Weekly Review 2
This is a few days late, but here it goes.
In the past week, I finished listening to The Plague Year by Lawrence Wright on Audm. The original article was published by the New Yorker on December 28, 2020, but I listened to it in audio format, which ran to nearly 3 and half hours, but it was utterly fascinating. I had followed the news about the pandemic closely over the last year, but this article opened my eyes to several things I didn’t realize were occurring and put some things I were aware of into a new context. Highly recommended.
Discovered Gnod - The Global Network Of Discovery and its music recommendation service, Gnoosic, today. Never heard of this site before, but it actually has been pretty good so far. It ask you for three artists (I entered Library Tapes, Max Richter, and Brian Eno) and it has recommended three artists so far that have all been new to me, but that I like. Once it starts making recommendations, it asks you to rate each one and then it makes a new recommendation based on that answer. Apparently the site is run by Marek Gibney.
Why do I like sci-fi television and movies so much but have a hell of a time trying to find science fiction writing that I think is worth a damn?
Catching up on Jez Burrow’s newsletter, Dept. of Enthusiasm, I ran across his recommendation for the show, Taskmaster.
Taskmaster is another in a long line of British panel games who contestants are comedians. The show was created by Alex Horne and is co-hosted by Greg Davies. The contestants are comprised of comedians who have made regular appearances on other similar shows throughout the years: QI, Would I Lie to You?, 8 Out of 10 Cats , Countdown, their mash-up 8 Out of 10 Cats Does Countdown, Virtually Famous, and, going back a ways, Whose Line is it Anyways?. Would I Lie to You? has long been a favorite and looking at who has been guests on that show would give you a taste of the cast of characters that rotate among the current shows.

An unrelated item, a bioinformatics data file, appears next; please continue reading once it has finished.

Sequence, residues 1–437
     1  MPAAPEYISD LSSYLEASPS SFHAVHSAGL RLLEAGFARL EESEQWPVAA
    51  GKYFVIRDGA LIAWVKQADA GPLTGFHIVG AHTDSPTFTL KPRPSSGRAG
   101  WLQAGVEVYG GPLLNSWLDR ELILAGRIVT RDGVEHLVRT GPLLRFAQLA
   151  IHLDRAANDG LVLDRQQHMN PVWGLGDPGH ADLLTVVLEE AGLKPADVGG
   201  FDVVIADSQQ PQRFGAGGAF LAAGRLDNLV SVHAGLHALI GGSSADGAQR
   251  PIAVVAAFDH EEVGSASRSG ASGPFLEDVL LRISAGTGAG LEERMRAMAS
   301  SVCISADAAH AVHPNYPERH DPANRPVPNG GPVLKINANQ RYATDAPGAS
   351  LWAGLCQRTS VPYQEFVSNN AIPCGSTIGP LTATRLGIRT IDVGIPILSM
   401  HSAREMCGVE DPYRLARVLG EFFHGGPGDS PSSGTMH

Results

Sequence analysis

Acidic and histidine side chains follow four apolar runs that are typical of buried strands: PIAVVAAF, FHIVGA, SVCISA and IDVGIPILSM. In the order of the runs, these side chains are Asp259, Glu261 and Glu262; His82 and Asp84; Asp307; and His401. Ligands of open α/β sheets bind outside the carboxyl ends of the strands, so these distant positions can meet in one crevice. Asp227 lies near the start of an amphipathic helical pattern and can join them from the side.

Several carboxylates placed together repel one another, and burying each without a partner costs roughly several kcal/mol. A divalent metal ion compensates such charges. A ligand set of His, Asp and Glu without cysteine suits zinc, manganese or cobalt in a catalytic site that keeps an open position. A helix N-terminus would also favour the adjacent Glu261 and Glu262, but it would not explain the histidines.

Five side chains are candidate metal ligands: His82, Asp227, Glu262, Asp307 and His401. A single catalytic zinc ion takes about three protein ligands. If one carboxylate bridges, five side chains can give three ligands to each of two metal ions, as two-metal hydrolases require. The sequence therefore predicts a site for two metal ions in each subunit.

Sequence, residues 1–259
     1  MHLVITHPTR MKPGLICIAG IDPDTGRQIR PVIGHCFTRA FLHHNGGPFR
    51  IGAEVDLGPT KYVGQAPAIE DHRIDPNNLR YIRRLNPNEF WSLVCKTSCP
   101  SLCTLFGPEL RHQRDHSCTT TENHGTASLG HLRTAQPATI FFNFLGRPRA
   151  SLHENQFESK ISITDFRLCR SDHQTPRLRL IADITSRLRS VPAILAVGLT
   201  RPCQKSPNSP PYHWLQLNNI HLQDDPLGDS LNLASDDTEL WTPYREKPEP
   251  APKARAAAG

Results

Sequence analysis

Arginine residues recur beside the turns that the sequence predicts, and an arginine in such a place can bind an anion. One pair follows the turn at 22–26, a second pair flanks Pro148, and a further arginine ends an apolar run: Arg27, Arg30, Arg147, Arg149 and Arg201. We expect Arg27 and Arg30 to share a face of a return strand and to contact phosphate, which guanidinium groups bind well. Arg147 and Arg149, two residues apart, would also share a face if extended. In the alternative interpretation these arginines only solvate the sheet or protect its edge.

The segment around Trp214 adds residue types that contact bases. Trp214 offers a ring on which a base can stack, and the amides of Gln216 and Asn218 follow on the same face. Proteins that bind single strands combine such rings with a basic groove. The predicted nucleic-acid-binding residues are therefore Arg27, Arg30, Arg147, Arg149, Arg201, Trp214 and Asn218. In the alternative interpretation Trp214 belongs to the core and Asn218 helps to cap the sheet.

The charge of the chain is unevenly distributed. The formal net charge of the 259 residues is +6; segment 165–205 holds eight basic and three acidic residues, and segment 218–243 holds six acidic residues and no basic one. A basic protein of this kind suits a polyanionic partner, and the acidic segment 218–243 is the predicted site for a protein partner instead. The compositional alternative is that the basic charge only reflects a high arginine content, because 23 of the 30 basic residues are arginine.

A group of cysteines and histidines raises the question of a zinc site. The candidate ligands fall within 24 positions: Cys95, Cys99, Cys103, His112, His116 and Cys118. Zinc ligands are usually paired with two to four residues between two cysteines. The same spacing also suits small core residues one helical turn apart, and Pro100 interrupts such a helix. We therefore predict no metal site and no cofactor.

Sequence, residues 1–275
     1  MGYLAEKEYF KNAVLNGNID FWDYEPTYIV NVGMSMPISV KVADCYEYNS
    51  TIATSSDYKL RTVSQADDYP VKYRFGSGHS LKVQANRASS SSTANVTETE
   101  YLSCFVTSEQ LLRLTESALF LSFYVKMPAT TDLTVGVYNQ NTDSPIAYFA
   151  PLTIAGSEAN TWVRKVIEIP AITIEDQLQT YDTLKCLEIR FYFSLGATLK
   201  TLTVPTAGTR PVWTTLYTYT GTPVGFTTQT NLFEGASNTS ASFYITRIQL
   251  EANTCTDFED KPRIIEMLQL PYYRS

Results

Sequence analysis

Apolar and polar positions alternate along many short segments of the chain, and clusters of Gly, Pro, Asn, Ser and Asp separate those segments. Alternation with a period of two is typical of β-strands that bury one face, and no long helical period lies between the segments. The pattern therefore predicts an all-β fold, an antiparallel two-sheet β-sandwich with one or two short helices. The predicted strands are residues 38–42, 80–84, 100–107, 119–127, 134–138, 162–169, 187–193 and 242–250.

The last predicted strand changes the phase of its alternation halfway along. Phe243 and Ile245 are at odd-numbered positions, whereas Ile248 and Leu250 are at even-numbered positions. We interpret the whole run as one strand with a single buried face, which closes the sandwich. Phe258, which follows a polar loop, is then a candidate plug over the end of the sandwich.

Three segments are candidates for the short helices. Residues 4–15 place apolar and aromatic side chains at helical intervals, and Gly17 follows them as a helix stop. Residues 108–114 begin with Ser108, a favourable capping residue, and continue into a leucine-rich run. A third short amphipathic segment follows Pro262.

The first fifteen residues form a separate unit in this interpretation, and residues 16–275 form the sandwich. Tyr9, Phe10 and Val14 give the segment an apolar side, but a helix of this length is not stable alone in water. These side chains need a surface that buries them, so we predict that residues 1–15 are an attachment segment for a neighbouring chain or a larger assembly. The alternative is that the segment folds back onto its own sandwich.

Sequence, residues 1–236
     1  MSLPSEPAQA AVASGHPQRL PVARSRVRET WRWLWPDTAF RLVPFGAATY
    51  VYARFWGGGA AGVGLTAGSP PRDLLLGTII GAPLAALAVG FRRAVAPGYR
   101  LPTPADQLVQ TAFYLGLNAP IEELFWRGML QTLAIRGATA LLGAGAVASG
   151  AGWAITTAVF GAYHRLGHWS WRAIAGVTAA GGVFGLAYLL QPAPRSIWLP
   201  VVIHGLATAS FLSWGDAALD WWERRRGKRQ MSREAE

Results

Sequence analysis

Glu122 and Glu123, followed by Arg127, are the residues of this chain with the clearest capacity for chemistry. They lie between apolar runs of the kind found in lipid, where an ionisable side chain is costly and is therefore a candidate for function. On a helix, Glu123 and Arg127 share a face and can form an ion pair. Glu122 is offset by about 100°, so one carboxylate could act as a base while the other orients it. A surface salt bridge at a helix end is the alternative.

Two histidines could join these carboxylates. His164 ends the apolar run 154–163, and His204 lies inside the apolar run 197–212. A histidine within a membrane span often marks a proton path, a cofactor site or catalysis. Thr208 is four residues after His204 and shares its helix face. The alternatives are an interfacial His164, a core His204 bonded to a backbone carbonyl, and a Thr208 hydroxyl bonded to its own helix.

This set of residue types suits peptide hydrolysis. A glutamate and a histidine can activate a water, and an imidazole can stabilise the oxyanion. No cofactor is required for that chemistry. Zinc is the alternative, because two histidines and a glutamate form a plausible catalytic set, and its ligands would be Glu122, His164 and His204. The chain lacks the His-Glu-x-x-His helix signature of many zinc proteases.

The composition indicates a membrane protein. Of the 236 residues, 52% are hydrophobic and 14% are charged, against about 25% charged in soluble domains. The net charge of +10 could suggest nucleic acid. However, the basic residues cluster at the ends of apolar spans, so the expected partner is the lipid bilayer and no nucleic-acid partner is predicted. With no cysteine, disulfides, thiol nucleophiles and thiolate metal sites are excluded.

This tradition of using comedians as guests on panel shows has been something that has apparently had long-lasting success in the UK, but has never really caught on in the United States, with the American version of Whose Line is it Anyways? being an exception. I think they are far more entertaining than the American shows that feature B-list celebrities that seem to be cast solely because people will recognize them and not because they are entertaining people in their own right (Sean Spicer on Dancing with the Stars immediately springs to mind).
Listening to a New Yorker article and the claim was made that Goldman Sach’s purpose is to make wealthy clients wealthier. Contrast that though with this quote:
it feels safer, more productive and easier to go after the devices or systems or people that seem to be so close to getting it right. But it’s the laggards that cost us the most.
The opportunity of the laggards | Seth's Blog
It’s no surprise that many people believe we can make our society better by lifting up those with the least, but I think we do a really poor job of arguing that point. And, of course, the wealthy usually have no interest in such an effort.
I’m using my feed reader more and trying to stay off social media. Tools like bookfeed.io are really cool finds that help make the experience even better.
My favorite music for the month so far: February 2021 - playlist by Travis Ennis | Spotify